- The head of Qatar’s sovereign wealth fund disclosed that there were no plans to liquidate foreign assets; without disclosing any details, he stated that news about “significant investments” would be revealed “soon”. Separately, as part of “normal portfolio rebalancing”, Qatar’s voting stake in Credit Suisse, including purchase rights, dropped to 15.91% from 17.98% reported in June.
- Inflation in Qatar fell to 0.2% in Jul (Jun: 0.8%); food and beverage prices were up by 4.5% yoy (the fastest rate of increase since 2014) and 4.2% mom while price of housing and utilities dropped by 3.6% yoy and by 0.6% mom.
- Qatar plans to generate around 500MW of electricity through solar power, reported Gulf Times, citing the president of Qatar General Electricity and Water Corporation (Kahramaa). The plan also includes a suggestion to install solar panels on the rooftops of houses.
- Saudi Arabia’s budget deficit fell to SAR 46.5bn in Q2 this year, from SAR 58.4bn during the same period last year (Q1 2017: SAR 26.2bn). Revenues were up by 6% to SAR 163.9bn, of which SAR 101bn were from oil (+28%) while non-oil revenues shrank by 17%; spending was down by 1.3% to SAR 210.4bn, but largely due to a fall in the government’s “use of goods and services” by almost 40%.
- Saudi Arabia has confirmed Dec 20 as the deadline for VAT registration: the online registration portal will open on Aug 28.
- Saudi Arabia’s crude oil exports declined to 6.889mn barrels per day (bpd) in Jun, roughly 35k bpd lower compared to May. Production meanwhile touched 10.070 million bpd in Jun, up 190k bpd from May.
- Saudi Arabia plans to launch the second issue of its local currency Sukuk programme during this week, disclosed the finance ministry. The first issue was in late July.
- Saudi Arabia’s Capital Market Authority approved Takhzeen Logistics’ plan to offer 35% of its share capital to qualified investors stipulated in the parallel market listing rules.
- GCC project awards fell to USD 56.1bn in H1 this year, compared to USD 69.3bn a year ago, according to MEED data. Saudi Arabia was the only country to report a 12% increase in contract awards to USD 15.8bn. MEED forecasts USD 61bn of project awards in H2, bringing the total to about USD 117bn this year, roughly the same as in 2016.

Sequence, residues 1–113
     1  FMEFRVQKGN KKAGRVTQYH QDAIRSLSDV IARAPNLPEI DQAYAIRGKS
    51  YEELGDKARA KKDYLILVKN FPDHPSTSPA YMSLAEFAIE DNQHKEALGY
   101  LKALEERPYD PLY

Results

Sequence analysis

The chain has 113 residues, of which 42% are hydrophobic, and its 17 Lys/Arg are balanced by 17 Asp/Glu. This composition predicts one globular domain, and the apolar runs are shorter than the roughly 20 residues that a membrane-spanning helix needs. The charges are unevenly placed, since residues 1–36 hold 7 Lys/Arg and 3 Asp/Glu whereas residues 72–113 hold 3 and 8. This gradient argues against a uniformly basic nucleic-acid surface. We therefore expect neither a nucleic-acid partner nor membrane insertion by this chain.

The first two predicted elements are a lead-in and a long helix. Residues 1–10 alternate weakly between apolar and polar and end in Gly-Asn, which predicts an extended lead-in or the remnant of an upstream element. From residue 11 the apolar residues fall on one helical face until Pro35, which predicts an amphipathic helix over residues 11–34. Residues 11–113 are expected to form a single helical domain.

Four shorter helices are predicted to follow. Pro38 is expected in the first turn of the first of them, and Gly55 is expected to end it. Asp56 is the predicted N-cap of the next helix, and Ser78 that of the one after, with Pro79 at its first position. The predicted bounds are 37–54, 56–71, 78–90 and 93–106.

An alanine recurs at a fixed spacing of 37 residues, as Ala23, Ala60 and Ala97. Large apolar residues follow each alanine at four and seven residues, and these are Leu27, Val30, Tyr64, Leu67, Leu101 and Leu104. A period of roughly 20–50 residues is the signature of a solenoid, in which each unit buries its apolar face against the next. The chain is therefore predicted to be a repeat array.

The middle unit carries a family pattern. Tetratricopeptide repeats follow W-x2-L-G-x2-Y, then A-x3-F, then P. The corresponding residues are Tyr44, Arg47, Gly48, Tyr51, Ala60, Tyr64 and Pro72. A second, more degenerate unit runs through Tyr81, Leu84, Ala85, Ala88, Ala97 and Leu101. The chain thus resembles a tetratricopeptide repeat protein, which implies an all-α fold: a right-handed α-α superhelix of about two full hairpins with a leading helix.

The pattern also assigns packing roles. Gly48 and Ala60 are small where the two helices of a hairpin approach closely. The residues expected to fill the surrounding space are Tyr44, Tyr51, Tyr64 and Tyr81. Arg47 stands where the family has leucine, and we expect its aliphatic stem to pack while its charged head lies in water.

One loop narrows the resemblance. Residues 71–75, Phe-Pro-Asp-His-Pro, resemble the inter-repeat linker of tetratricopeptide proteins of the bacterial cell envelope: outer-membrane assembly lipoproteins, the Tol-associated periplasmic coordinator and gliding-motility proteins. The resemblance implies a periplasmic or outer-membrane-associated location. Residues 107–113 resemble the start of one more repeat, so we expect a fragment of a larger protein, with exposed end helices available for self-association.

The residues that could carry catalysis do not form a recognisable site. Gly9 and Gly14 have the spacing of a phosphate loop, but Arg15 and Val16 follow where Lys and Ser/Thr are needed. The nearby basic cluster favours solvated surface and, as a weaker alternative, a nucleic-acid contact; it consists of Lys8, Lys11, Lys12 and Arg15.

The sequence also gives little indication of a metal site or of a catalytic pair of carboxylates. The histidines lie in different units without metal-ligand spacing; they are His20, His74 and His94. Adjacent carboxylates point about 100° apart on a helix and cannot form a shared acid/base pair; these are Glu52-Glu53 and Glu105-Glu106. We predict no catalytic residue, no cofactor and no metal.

- UAE firms can register for VAT starting mid-Sep, according to the director-general of the Federal Tax Authority. IMF projects a slight uptick in inflation following the introduction of VAT next year – 2.9% in 2018 and 2.5% in 2019 from under 2% this year.
- Excise taxes – 100% on tobacco and energy drinks and 50% on fizzy drinks (excluding carbonated water) – will be introduced in the UAE from Q4 this year. Both VAT and excise laws will be signed and finalised in Q3, and its regulatory framework issued in Q4.
- Inflation in Abu Dhabi rose by 1.5% yoy and 0.1% mom in Jul, bringing total price rise to 2% yoy in Jan-Jul this year. Housing and utility prices were up 4.9%, followed by transport prices at 4.1%.
- Short-term deposits in the UAE, which account for 30% of total bank deposits, grew to AED 439.7bn as of end-Jun, up by AED 27.9bn during H1 this year.
- Non-oil trade between UAE and Mexico touched USD 1.3bn in 2016, according to a report issued by the Ministry of Economy.
- UAE’s Jebel Ali Free Zone announced a growth in its non-oil trade by 17% to 27.9mn tonnes in 2016, worth USD 80.2bn. China maintained its position as Jafza’s largest trading partner, with USD 11.3bn worth of trade, followed by Saudi Arabia with USD 7bn.
- The Abu Dhabi Global Market has launched a Foundations regime which provides a strategic platform for financial planning and structuring, serving as an alternative to trusts and corporate vehicles.
- According to the Dubai Land Department, 68 real estate projects valued at AED 21bn were registered in Dubai during H1 this year. Total projects were 88 from beginning of 2016 to Jun this year.
- Consumer spending in the UAE is projected to increase at an annual rate of 7.5% to over USD 261bn in 2021 (2016: USD 183bn), according to a report by the Dubai Chamber. Household goods, at USD 75.7bn, accounted for 41% of consumers expenditure, followed by food and non-alcoholic beverages (USD 24.8bn) and transport (USD 16.7bn).
- The Dubai Financial Market (DFM) announced a 100% compliance of disclosure of Q2 results within the deadline of 45 days from the end of the period.
- UAE moved up to 34th in the 2017 Waseda- IAC International e-Government ranking survey, from 40th in the previous edition. UAE is ranked ninth in digital government promotion and seventh in e-participation. Bahrain is ranked second in the Arab World and 41st globally, followed by Oman (43) and Saudi Arabia (46).
China’s deleveraging is affecting growth
Shale output hits some bumps
Qatar to Tell Banks to Seek Overseas Funding as Gulf Spat Drags On
Lebanon eyes Syria’s post-war reconstruction
New permits strategy in Dubai to benefit developers, investors